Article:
The sound of Tea2 can be described as perfectly balanced, natural in tonality, with a flat midrange, but good extension in the treble and a fairly deep bass. The whole tonality is made to be natural / neutral / flat, in such a way that you never spend too much time thinking of how they sound like, as they just sound perfect. Most IEMs have colorations that you can call out right away and which you can describe easily using a common or a specific language, but Tea2 sounds fairly balanced and natural, enough so, that you can’t quite put your finger on their signature beyond “this is how natural sound should be like”. 

I allowed Tea2 a period of about 200 hours for burn it to take place, just to make sure they have equal chances as the other IEMs I review, and they also have been paired with a multitude of sources, including iBasso DX300, FiiO M11 PRO, Astell & Kern SP2000T and Lotoo PAW 6000. I even tried pairing Tea2 with aftermarket cables, including Plussound Copper+, and STE Cu W16. They have a pretty good default cable, and I wouldn’t stress too much on upgrading the cables, plus they pair well with all sources, having a resolution that’s about right for the price point, and not having a big advantage when paired with uber sources, being enjoyable even from entry-level DAPs such as Shanling M3X and Surfans F20. 

The bass of Tea2 is clean, deep and well extended, but neutral in quantity, offering a good amount of depth and impact, but in a very balanced fashion. The bass quantity is balanced relative to the midrange and the treble, being neutral enough to leave the natural midrange to shine, but offering enough backbone to it so that electronic, EDM and Pop music is interesting. Tea2 is clearly not aimed at bassheads, but they are delightful with most music and never feel thin, having a more solid bottom work than the original Tea, and now offering a slower bass decay as well, thanks to their dynamic driver. The bass speed is enough for most rock and EDM, and generally can be described as enough for a natural sound. 

The midrange of Tea2 is where most of the magic happens, as they have a real spot on tonality for all instruments, male and female voices, and pretty much everything. The level of transparency and accuracy that Tea2 has is crazy good, and the first time you put them on, you hear music exactly as it was recorded, mixed, mastered and played. This means that both rock, metal, but also Jazz and Classical play perfectly on Tea 2, and all instruments, violins, harps, guitars, drums, everything has a perfect texture and clarity, a perfect tonality. The way Tea 2 presents music makes it really obvious how other IEMs are colored in their presentation. The midrange tends to be somewhat forward in the presentation, which cau8ses the stage on Tea2 to feel more intimate than on most of the competition. The dynamics are really good on Tea 2, as well as the impact of the midrange.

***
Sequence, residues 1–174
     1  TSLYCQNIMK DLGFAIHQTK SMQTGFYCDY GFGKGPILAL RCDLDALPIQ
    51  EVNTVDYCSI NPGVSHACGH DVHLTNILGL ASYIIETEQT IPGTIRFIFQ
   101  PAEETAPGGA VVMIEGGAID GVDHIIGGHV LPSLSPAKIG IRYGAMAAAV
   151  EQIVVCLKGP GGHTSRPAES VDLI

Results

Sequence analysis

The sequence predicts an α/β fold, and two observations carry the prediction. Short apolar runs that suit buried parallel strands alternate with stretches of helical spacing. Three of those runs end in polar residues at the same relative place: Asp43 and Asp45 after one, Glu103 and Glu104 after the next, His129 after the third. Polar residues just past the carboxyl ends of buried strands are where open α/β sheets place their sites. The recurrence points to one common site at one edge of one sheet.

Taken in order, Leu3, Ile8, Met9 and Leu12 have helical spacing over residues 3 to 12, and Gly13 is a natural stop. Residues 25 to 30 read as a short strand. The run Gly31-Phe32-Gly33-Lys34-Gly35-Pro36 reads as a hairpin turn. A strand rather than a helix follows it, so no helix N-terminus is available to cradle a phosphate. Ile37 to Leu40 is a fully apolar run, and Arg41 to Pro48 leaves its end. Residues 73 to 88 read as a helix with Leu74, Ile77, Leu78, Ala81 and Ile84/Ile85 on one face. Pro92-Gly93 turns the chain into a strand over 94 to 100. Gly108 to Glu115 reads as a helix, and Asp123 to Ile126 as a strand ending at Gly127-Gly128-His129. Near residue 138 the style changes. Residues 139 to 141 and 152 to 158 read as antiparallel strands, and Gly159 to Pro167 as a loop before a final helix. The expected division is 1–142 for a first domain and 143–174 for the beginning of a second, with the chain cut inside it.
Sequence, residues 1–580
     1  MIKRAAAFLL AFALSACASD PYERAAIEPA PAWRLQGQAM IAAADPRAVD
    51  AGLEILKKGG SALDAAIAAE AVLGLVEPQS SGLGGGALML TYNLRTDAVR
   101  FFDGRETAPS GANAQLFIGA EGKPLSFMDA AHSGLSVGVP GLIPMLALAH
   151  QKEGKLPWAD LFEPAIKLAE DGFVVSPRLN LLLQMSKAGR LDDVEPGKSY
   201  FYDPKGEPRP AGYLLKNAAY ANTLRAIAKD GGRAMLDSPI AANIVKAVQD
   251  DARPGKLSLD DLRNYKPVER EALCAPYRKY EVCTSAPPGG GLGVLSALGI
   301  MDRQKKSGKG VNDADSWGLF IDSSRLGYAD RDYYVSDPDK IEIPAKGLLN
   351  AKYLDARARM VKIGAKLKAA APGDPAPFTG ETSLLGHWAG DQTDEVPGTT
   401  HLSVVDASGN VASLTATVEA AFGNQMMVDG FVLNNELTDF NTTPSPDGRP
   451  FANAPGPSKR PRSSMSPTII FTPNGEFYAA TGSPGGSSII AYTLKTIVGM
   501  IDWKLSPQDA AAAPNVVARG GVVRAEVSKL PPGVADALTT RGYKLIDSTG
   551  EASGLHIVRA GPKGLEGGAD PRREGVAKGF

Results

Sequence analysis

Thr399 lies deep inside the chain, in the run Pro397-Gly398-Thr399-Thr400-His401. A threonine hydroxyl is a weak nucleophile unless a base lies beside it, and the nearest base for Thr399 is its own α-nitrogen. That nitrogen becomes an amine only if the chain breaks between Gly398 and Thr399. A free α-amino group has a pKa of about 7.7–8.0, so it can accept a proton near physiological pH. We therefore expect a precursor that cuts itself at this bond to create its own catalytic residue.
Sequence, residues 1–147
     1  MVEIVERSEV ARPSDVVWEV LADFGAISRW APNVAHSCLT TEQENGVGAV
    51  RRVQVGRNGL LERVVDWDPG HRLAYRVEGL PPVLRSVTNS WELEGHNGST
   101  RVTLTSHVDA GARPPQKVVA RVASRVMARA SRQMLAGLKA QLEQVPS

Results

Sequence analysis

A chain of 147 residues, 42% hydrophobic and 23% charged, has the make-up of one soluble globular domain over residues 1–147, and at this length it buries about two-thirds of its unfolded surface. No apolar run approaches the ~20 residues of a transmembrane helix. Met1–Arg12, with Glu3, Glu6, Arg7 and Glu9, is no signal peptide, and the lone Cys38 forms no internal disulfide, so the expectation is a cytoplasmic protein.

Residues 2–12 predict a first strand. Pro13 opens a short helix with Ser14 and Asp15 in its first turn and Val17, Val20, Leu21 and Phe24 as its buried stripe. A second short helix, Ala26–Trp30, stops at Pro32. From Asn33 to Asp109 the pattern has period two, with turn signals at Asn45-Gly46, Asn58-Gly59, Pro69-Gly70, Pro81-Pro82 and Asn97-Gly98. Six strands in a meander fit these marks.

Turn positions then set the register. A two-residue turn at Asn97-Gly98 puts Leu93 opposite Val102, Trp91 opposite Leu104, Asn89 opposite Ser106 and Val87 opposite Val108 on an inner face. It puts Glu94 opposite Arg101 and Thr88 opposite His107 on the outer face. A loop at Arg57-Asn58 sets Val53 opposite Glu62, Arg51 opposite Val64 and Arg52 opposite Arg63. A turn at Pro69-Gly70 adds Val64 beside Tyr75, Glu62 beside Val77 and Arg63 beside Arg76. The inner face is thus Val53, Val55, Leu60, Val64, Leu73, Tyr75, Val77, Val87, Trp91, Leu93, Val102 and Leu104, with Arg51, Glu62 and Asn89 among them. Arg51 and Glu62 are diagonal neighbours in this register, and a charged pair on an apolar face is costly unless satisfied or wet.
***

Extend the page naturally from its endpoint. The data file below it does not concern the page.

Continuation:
We have a clean and slightly smooth treble on Tea2, and although I can confirm that the company did indeed increase the upper midrange and lower treble, and even the main and upper treble quantity compared to the original Tea, they’ve been conservative with those increments, and tea 2 isn’t far brighter than the original tea, still being an IEM with a fairly clean but non-fatiguing treble. There’s a good sense of air and good sparkle, plus good extension, with the treble of tea2 safely reaching as high as 14 kHz, and with most of the energy being focused all across the treble, with no particular emphasis on lower midrange, so the sound is not metallic, harsh or hot, but rather natural. Pretty much all of the elements from Tea 2 are matched so that they sound as natural and spot on tonally as possible. They are the perfect IEM if you want to have a reference for tonality and overall texture an instrument should have.  



Xenns Mangird Tea2 vs Periodic Audio Carbon (349 USD vs 500 USD) – The overall comfort is better with Tea 2, as they have a more ergonomic shape and thinner sonic tubes than Carbon, which has a shallower fit. The build quality also feels more solid on Tea 2 which has a more common cable based on the 2 Pin connector, and a resin shell that is more common with IEMs. The sonic performance is actually quite different, with Carbon being much darker, fuller, with a much stronger bass, with more impact, a more recessed midrange, and more treble quantity and more impact in the highs. The sound of Carbon is thicker, darker, fuller, while Tea 2 sounds more natural, more airy, has better treble extension, less bass quantity, and a more revealing sound in the midrange, but less revealing the bass and treble. If you’re looking for a basshead IEM or a V-Shaped IEM, I recommend Carbon, while if you’re looking for a sound that’s as clean and flat, detailed and clear as it is accurate.